Letters to the editor

Letters to the editor

Readers respond

(Photo from Flash90)
(Photo from Flash90)

Reasons for ceasefire letter should have been examined in article
The Chronicle’s recent article on the letter from local Jews calling for a ceasefire (“Many signers of letter calling for ceasefire, and thanking Summer Lee, are anonymous,” Dec. 1) is a textbook example of an ad hominem argument — when you can’t, or won’t, engage with the message and instead attack the messenger. Rather than engage directly in a discussion of why local Jews might speak in favor of a ceasefire, the Chronicle chose to comment on the inclusion of anonymous signatories. This deflection trivializes both the views of those of us who chose to speak out and the concerns of those who were reluctant to sign their names publicly.

Like so many others, I was appalled by the actions of Hamas on Oct. 7. I was also deeply saddened and concerned by the Israeli government’s response, which seems doomed to failure. The massive attacks on Gaza are unlikely to eliminate Hamas — rather, they will likely foster a new generation of Palestinians with reasons to hate Israel. My concern for Jews everywhere led me to proudly sign the letter supporting calls for a ceasefire.

I signed publicly knowing that I am fortunate to be able to take a controversial stand. Given the intensity of discourse on the topic, many in our community might be struggling to balance their fears for Israeli friends or relatives with concerns that the massive Israeli military response might cause needless death and destruction. Many might have felt the pressure of the prevailing winds of uncritical support for Israeli actions. To take a stand so out of odds with one’s family and community is not an easy thing to do. For some, signing anonymously might have been all that they could muster.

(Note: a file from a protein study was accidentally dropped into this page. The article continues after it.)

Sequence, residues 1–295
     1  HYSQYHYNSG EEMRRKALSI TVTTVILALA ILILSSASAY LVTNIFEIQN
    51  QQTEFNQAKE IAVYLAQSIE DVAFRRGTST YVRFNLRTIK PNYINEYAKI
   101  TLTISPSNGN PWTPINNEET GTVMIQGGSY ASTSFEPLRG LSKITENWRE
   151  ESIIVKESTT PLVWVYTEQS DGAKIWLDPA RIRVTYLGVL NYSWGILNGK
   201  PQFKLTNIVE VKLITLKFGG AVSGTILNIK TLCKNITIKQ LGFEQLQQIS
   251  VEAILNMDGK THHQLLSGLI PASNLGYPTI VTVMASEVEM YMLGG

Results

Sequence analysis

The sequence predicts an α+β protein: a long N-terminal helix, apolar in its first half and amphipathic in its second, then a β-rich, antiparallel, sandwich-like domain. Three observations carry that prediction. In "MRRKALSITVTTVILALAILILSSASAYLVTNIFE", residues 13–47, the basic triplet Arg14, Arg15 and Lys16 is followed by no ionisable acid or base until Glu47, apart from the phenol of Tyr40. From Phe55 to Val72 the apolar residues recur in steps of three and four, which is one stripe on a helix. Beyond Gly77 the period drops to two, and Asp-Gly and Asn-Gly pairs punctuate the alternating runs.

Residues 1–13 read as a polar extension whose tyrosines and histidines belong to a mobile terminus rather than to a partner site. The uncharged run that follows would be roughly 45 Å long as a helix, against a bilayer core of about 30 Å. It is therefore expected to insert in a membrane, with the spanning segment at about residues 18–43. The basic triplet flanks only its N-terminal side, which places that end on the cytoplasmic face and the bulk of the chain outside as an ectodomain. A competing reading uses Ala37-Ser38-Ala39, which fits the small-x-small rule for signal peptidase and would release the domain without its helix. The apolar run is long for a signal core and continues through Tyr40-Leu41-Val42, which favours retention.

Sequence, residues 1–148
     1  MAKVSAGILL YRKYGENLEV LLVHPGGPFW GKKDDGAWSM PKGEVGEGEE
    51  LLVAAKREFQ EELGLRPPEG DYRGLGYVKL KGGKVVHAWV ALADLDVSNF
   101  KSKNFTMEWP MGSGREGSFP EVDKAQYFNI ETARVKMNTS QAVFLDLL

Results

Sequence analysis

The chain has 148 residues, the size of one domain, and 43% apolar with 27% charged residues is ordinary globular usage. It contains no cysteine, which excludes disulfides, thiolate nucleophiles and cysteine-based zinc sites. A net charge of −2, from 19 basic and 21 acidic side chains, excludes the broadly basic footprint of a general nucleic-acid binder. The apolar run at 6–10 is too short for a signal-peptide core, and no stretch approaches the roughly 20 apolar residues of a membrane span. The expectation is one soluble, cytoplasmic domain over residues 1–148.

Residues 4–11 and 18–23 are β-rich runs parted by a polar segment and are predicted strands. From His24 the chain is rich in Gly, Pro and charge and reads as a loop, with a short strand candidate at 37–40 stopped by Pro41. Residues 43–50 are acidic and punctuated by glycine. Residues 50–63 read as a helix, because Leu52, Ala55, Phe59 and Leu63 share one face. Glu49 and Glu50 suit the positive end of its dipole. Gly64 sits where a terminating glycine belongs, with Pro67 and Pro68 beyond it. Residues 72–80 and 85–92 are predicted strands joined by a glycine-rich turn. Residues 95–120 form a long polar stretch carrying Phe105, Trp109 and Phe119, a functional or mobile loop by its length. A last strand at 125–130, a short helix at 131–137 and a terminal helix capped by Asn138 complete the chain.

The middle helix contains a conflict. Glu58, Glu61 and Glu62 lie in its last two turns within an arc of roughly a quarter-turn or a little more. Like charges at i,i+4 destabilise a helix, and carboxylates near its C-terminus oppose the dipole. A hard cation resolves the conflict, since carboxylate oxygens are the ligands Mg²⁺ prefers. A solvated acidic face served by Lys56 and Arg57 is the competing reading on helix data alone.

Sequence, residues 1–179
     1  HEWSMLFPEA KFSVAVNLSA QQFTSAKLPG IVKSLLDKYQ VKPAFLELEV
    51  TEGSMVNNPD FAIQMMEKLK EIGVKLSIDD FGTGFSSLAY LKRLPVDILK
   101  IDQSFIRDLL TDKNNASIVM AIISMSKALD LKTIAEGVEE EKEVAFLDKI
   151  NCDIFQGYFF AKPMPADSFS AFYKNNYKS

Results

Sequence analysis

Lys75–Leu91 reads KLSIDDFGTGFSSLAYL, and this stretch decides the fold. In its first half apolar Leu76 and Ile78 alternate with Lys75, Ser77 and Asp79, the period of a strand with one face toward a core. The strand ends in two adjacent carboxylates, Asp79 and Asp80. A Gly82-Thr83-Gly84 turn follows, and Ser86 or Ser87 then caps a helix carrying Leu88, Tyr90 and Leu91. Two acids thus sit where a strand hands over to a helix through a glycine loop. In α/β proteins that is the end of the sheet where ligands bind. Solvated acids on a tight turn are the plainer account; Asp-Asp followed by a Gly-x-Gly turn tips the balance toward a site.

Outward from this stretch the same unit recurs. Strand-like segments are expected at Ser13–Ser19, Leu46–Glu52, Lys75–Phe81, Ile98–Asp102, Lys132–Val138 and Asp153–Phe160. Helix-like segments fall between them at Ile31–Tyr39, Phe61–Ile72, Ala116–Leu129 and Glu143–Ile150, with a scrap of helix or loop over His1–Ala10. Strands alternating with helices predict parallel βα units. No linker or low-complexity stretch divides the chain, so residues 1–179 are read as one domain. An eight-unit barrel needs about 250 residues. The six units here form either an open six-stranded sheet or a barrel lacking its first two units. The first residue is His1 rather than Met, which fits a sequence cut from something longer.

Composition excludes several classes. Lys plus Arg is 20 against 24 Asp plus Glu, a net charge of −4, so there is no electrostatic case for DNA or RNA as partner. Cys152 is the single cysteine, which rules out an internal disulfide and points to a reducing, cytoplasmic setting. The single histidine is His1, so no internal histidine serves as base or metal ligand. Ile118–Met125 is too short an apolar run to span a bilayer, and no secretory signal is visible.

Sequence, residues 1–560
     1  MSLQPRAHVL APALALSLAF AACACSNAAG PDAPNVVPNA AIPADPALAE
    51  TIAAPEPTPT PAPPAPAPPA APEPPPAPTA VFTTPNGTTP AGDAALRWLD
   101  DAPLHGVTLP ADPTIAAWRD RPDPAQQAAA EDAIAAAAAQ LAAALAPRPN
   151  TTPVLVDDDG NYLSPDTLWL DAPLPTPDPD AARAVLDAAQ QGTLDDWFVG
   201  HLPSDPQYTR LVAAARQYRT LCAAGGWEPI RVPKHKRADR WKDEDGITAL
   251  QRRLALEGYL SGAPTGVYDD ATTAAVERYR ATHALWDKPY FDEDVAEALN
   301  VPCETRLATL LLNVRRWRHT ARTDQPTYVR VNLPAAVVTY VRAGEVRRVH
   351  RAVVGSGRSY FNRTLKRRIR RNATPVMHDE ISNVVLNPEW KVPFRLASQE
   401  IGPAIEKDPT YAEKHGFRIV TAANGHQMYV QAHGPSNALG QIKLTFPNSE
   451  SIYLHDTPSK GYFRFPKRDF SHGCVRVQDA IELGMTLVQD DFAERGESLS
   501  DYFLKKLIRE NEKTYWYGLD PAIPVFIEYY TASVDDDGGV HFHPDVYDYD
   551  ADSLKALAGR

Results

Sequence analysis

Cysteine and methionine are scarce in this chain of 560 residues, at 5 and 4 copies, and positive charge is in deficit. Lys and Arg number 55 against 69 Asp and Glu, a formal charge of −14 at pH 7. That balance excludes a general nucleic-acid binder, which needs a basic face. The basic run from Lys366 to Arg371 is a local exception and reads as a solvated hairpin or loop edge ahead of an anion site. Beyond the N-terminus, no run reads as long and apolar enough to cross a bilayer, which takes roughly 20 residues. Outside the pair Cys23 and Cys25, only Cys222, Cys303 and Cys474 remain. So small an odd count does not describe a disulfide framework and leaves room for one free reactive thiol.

The Chronicle had an opportunity to explore these concerns, or at the very least, to report on the substance of the ceasefire letter. By choosing to nitpick about the identities of the signatories of the ceasefire letter, rather than engaging with the sentiments within, the Chronicle has missed an opportunity to understand views shared by many in our community. If the Chronicle had asked, they likely would have found that many of us chose to speak in favor of the ceasefire because of — and not in spite of — our concerns for Jews in Israel, and for everyone in the region.

Harry Hochheiser

There is no ‘body versus soul’ conflict
In the 13th century, hostage Rabbi Meir of Rothenberg refused to be ransomed, for fear of encouraging the imprisonment of other rabbis. No fool he.

What Rabbi Meir did not foresee was capturing hostages explicitly to exchange for convicts who attempted or actually succeeded in murdering civilians. Releasing pay-to-slay killers guarantees future deaths of civilians in Israel. The only unknown is how many civilians will die.

Curiously, Michael Oren imagines that Hamas will respond positively to an offer of free passage from Gaza in return for the remaining hostages’ release, and that Hamas would willingly sail off to Algeria, Libya or Iran (“Israel’s Choice: Body or soul,” Dec. 1).

He does not mention that in 1970, Palestinians tried to depose Hussein, the Jordanian king. Hussein’s forces repulsed the PLO, killing and wounding thousands of Palestinians and forcing thousands more to flee to Syria and Lebanon. Most of the Palestinian leadership ended up in Lebanon, and they undermined the central government of that country.

It seems less than likely that any country would offer entry to the bestial Hamas and risk what Jordan and Lebanon experienced from Palestinian designs against their countries.

There is no body versus soul conflict. As Rabbi Meir understood, that which best promotes the survival of Israel, which is inseparably Jewish and democratic, is the best choice in the extraordinarily difficult circumstances that Palestinians inflict upon Israel. And Palestinians perversely reward their own barbarism with trays of sweets.

If that happened among Israelis, the world would lose whatever is left of its collective mind.

Julia Lutch
Davis, California

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